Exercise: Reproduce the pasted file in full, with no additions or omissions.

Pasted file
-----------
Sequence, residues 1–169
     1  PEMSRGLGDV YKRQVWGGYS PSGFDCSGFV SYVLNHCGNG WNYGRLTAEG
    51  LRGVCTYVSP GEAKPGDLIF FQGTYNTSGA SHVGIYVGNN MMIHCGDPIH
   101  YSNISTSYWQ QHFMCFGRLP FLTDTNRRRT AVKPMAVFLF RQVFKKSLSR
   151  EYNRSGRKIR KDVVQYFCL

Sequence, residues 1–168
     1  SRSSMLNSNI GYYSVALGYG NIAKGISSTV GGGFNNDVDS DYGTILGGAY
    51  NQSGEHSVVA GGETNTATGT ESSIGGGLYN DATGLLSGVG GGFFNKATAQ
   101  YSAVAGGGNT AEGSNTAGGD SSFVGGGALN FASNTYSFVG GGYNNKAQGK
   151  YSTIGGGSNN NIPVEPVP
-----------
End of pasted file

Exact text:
Sequence, residues 1–169
     1  PEMSRGLGDV YKRQVWGGYS PSGFDCSGFV SYVLNHCGNG WNYGRLTAEG
    51  LRGVCTYVSP GEAKPGDLIF FQGTYNTSGA SHVGIYVGNN MMIHCGDPIH
   101  YSNISTSYWQ QHFMCFGRLP FLTDTNRRRT AVKPMAVFLF RQVFKKSLSR
   151  EYNRSGRKIR KDVVQYFCL

Sequence, residues 1–168
     1  SRSSMLNSNI GYYSVALGYG NIAKGISSTV GGGFNNDVDS DYGTILGGAY
    51  NQSGEHSVVA GGETNTATGT ESSIGGGLYN DATGLLSGVG GGFFNKATAQ
   101  YSAVAGGGNT AEGSNTAGGD SSFVGGGALN FASNTYSFVG GGYNNKAQGK
   151  YSTIGGGSNN NIPVEPVP